# Finding fault in proof [contains logical quantifiers]

## Homework Statement

Consider the following incorrect theorem: $∃x∈ℝ ∀y∈ℝ (xy^2 = y-x)$

[Translation (not part of the original problem statement): There is at least an $x∈ℝ$ such that, for every $y∈ℝ$, $(xy^2 = y-x)$.]

What's wrong with the following proof?

Let $x = y(y^2+1)$, then
$y-x=y-y/(y^2+1)=y^3/(y^2+1)=y/(y^2+1) * y^2=xy^2$​

## Homework Equations

$1. (xy^2 = y-x)$

$2. x = y(y^2+1)$

$3. y-x=y-y/(y^2+1)=y^3/(y^2+1)=y/(y^2+1) * y^2=xy^2$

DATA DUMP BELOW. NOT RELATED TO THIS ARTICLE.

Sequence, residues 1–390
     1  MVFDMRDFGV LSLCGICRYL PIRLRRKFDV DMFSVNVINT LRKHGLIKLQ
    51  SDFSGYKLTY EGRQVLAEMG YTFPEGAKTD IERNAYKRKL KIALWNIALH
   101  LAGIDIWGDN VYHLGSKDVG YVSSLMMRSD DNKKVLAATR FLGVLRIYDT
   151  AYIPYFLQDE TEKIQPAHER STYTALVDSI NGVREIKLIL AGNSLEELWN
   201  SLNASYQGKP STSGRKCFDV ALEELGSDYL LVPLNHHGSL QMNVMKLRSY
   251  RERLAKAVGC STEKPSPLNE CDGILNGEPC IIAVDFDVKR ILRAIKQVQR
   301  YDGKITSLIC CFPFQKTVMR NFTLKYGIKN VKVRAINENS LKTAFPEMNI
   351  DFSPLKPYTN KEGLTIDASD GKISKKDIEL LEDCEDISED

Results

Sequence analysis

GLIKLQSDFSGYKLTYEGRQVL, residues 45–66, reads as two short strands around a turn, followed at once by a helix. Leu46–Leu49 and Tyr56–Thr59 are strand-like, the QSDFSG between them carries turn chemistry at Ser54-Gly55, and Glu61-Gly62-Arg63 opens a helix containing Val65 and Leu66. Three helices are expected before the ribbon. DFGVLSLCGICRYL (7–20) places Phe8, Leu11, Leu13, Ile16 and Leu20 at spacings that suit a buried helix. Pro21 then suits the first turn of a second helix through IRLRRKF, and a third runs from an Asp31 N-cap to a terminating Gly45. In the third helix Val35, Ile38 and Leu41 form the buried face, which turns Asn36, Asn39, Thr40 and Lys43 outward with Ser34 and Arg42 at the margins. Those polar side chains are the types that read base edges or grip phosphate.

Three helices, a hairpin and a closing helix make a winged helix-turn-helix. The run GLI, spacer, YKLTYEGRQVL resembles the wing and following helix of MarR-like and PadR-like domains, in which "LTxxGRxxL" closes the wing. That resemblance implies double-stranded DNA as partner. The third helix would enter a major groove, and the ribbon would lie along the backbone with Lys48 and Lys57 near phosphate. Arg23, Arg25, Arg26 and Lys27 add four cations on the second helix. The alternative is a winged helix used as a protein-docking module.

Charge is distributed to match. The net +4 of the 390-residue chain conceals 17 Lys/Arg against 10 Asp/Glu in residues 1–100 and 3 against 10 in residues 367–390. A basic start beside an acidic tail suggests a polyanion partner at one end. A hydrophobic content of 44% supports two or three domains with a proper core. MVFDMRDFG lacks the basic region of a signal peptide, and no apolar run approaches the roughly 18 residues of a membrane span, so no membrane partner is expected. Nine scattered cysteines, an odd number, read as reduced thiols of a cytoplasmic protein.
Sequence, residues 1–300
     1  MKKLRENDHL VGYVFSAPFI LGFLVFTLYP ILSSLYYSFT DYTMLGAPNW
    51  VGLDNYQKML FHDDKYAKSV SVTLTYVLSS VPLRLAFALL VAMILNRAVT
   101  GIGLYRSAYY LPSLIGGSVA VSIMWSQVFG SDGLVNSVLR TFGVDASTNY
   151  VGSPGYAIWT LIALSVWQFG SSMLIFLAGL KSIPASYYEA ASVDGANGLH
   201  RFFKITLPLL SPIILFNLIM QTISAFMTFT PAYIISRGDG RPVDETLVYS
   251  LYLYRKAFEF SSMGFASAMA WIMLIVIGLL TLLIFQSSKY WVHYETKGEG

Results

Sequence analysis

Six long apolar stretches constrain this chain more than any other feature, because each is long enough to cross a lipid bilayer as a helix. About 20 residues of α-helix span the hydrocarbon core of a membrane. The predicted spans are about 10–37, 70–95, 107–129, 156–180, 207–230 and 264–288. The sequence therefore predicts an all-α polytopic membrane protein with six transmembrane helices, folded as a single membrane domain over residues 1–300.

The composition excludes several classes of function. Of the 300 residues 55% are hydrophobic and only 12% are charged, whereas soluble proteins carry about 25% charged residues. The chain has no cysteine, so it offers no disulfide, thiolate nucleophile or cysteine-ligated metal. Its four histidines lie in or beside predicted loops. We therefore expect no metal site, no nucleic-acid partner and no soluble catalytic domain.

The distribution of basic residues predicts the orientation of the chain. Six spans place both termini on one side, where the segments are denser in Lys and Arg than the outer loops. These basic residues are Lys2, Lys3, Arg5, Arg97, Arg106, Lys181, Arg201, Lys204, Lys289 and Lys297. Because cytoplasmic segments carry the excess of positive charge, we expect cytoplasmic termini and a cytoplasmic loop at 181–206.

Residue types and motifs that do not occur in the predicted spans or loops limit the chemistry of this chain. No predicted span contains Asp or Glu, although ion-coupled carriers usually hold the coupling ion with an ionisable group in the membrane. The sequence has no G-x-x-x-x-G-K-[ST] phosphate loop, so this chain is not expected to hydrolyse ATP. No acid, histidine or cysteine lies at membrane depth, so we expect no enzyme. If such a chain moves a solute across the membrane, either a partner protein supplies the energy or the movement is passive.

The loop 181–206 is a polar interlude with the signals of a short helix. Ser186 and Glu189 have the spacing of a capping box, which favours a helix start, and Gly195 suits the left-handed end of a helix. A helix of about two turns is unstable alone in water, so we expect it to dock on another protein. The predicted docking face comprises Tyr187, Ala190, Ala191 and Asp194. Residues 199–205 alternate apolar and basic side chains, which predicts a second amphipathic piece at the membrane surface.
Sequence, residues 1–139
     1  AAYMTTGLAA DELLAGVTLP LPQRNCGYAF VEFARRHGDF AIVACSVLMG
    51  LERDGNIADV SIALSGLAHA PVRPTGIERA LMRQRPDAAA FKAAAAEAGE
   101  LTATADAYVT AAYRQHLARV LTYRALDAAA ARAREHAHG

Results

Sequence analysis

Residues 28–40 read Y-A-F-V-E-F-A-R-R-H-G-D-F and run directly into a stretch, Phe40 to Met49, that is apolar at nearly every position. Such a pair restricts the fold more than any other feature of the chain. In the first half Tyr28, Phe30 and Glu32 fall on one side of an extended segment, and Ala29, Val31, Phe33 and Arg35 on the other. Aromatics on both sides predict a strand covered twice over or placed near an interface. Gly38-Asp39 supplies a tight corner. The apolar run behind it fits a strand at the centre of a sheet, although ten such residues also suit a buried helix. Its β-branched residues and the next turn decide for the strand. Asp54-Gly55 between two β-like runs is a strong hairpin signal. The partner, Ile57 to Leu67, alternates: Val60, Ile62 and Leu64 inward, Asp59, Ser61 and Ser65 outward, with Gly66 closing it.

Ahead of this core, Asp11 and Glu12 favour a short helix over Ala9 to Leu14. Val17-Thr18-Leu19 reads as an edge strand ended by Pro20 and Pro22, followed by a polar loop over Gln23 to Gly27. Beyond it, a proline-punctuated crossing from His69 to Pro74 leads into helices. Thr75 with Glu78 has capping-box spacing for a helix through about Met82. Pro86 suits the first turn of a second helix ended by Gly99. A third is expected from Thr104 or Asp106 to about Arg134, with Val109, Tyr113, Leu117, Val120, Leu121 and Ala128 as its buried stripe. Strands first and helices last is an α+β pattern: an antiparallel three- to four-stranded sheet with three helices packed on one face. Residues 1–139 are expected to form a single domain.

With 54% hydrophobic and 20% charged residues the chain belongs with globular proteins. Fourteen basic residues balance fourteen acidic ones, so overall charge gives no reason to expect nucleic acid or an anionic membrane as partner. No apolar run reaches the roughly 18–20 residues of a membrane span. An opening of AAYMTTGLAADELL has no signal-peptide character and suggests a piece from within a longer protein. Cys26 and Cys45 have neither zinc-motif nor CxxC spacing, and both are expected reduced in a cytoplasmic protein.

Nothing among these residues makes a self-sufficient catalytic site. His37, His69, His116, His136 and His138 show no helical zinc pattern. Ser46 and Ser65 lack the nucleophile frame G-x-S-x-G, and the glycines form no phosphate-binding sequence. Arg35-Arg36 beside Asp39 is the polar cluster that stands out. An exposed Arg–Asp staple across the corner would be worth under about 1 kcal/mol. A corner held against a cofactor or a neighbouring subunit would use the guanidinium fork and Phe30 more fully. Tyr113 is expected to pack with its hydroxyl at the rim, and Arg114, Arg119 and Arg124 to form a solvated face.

## The Attempt at a Solution

Since the first equation is to be proven and the third equation seem to be correct, i think that the problem lies in the second.
I have transformed the theorem as follow:
$[∃x∈ℝ ∀y∈ℝ (xy^2 = y-x)] = [∃x(x∈ℝ∧∀y(y∈ℝ→(xy^2=y-x))]$
From this, i thought that since one of the things to prove is that there is at least an actual x that is true for all y, the substitution done in equation 2 is not correct (since x is substituted not with an actual value but a free variable).
But i'm not sure if this is really the reason for why the proof is incorrect. Any help will be appreciated.

What's wrong with the following proof?

Let $x = y(y^2+1)$

This is already wrong. x is a single number and can't depend on y

• iopz

This is already wrong. x is a single number and can't depend on y
I see, thank you!